- The family of a Black woman is criticizing the same police department investigating Lauren Smith-Fields’s case for how they handled their loved one’s death.
- Brenda Rawls, 53, died on December 12 in Bridgeport, Connecticut after visiting a man’s house, NBC News reported.
- Her family said that they found out she died two days later, but not from police.
Another family has criticized Bridgeport, Connecticut police for how they are handling the death of their loved one who died on the same day as 23-year-old Lauren Smith-Fields, NBC News reported.
Smith-Fields was found dead in her apartment on December 12. Her case went viral on social media after her family demanded answers. An “older white man,” as described by her family, who she met on Bumble called the police after he said he woke up and found her unresponsive. For over a month, Smith-Fields’ family has criticized local law enforcement and claimed that they found out about her death from her landlord, and not the police.
Now, the family of 53-year-old Brenda Rawls, who also died on December 12, claim that police also did not inform them about her death and that they found out on their own, NBC News reported.
“Nobody ever notified us that she died,” her sister, Dorothy Rawls Washington told NBC News. “We had to do our own investigation and find out where she was.”
Washington said her sister told her family that she was going to a man’s house who lived nearby her on December 11, according to the report. After not being able to reach her for a few days, family members went to the man’s house — which was down the street from where Rawls lived — on December 14.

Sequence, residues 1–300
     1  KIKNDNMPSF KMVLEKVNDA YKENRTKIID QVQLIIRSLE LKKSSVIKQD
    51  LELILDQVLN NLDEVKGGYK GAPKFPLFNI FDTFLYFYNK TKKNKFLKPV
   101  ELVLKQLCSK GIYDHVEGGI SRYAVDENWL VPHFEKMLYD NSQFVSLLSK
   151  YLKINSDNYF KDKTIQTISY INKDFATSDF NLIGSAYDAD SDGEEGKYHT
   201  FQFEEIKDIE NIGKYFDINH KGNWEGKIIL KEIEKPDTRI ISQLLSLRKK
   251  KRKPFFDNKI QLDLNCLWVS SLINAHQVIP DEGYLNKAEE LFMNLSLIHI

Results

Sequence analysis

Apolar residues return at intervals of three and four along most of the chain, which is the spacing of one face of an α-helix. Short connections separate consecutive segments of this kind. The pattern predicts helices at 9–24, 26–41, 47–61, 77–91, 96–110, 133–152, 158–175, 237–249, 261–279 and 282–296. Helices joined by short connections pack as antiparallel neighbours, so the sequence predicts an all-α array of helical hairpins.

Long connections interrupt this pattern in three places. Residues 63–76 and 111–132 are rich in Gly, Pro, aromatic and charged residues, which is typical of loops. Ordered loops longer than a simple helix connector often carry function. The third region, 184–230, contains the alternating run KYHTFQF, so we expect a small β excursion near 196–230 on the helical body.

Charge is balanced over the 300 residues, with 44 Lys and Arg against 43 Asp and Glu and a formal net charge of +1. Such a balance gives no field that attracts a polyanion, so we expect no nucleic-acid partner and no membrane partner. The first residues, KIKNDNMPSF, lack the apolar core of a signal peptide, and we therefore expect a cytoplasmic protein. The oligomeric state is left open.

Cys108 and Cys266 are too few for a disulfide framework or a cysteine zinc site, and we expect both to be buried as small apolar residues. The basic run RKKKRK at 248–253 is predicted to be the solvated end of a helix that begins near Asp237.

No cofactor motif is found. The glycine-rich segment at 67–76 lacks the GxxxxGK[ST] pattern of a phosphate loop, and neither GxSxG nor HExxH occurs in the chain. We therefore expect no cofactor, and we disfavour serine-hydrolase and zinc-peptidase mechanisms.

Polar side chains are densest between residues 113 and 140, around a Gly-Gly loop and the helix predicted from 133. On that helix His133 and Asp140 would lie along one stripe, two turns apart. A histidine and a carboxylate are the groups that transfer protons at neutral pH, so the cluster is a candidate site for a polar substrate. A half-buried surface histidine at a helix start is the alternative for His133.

The man, who was not named, informed the family that she died two days before after he couldn’t wake her up, NBC News reported.
In search of more information, her sister contacted a local funeral home who said Rawls’ body was not there and to contact the state medical examiner’s office, where they were able to locate her, according to the report.
“They never took any opportunity to look for next of kin,” Washington told the outlet. “The next time we saw our sister, she was in a funeral home.”
Following calls for more action in Smith-Fields’ case from city officials, Bridgeport Mayor Joe Ganim said he would work with law enforcement to make necessary changes regarding death notifications.
“I will work with the Chief of Police to make appropriate changes here in Bridgeport — now — for our department’s policies and practices regarding notifying family members of a death,” Gamin said in a statement earlier this week.
In addition, the department said that they are launching a criminal investigation after findings from the medical examiner ruled Smith-Fields’ death an accident due to an overdose “of fentanyl combined with prescription medication and alcohol.”
NBC News reported the Rawls family sent several letters to Ganim and Bridgeport Police Police Chief Rebeca Garcia about the case. In the letter obtained by the outlet, one of Rawls’ other sisters, identified as Angel Rawls Martin, said that a police sergeant said “they dropped the ball” during the probe into Rawls’ death.
In addition, Martin said that when she asked police if her sister’s apartment was thoroughly searched or the man’s apartment, she was informed it was not included in the police report, according to NBC News.
“They treated my sister Brenda like she was a Jane Doe,” Washington told the news outlet. “Like they found her on the side of the road with no identification. They have no respect.”
A spokesperson for the city did not immediately respond to Insider’s request for comment.
Courtesy By INSIDER